AHA #3: You can design interactions to encourage "playing well," i.e. in accordance with your organizational values.

Supporting multiple strategies doesn't mean you can't affect the way people play. We were amazed to realize that a simple change in the rules could transform a slow, strategic game into a fast-paced shouting match. We could change a game that was about diplomacy into one which rewarded cutthroat backstabbing. When we added rules that were well-designed, they fundamentally changed the way that people played the game and the attributes that made the game fun. When we came up with muddier rules, they just confounded the players about the overall goal. In 45 minutes, we were able to make some sophisticated observations about how to change the rules to reflect a wide variety of underlying values or goals.

Ken made the powerful point that many poorly designed games often have a mismatch between what it takes to play well and what it takes to win. Museum scavenger hunts are a classic example of this; we want people to "play well" by exploring obscure areas of the museum, but instead they focus on winning by zooming all over the place without contemplating the objects they seek. Of course, sometimes people have different opinions about what it means to play well--Scrabble enthusiasts will go to war over whether the playing well is about placing elegant word combinations or memorizing all the five-letter words in the Scrabble dictionary.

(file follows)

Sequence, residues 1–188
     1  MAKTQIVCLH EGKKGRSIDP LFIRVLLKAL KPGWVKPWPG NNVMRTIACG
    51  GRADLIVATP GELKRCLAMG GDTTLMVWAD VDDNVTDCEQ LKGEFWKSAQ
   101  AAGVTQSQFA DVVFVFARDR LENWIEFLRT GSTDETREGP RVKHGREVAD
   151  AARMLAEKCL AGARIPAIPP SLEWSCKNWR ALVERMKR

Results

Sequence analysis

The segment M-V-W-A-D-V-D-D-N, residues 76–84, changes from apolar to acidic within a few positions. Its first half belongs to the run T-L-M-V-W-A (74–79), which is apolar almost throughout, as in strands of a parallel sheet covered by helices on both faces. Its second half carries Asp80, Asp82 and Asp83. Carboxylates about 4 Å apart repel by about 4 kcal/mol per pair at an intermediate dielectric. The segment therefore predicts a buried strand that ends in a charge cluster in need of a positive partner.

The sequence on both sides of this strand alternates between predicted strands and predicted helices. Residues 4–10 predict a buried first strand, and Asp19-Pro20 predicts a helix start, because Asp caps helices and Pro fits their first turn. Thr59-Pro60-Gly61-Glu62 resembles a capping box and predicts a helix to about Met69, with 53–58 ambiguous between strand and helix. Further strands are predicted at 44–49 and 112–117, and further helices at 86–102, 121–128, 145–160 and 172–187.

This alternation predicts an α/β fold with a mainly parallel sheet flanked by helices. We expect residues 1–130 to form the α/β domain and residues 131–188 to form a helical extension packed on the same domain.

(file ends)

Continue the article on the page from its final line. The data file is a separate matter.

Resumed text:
Ken challenged us to to design interactions to encourage and reward people for playing well. For example, he created a game for the retreat called "Faces in the Crowd" which was designed to encourage participants to meet each other. It had a very simple structure. Each person was given an "identity card" that featured a mashup of two faces smooshed together (see image at top). Your goal was to identify the half-faces on your card and trade cards with others until you were holding a card that featured half of your face. Once you found your partner (the other person attached to your face), you were supposed to determine what the two of you had in common and then present your completed identity set to the game master.

What did kind of values did the Faces in the Crowd gameplay reinforce? It encouraged you to meet new people and literally put names to faces. It forced you to interact with many people, and to work together to try to successfully make a match. And once you found your partner, you spent time talking about what you might possibly have in common (an interest in pyromania, for example). There were various strategies--hunt for a person on your card, ask and collaborate with others, make yourself obvious and hope others will come to you--but the overall experience was one that supported meeting people, expressing interest in them, and making connections (see fun 30-second video).

What does it mean to play well in your museum? Does it mean seeing lots of stuff? Engaging deeply with a few things? Sharing something with someone else? Taking home a memory? How can you reward people not just for following a set path, but for acting in accordance with your overall institutional values? How will you define and reward "playing well?"

1 comments, add yours!:

Anonymous said...

A really fscinating article that has got me thinking.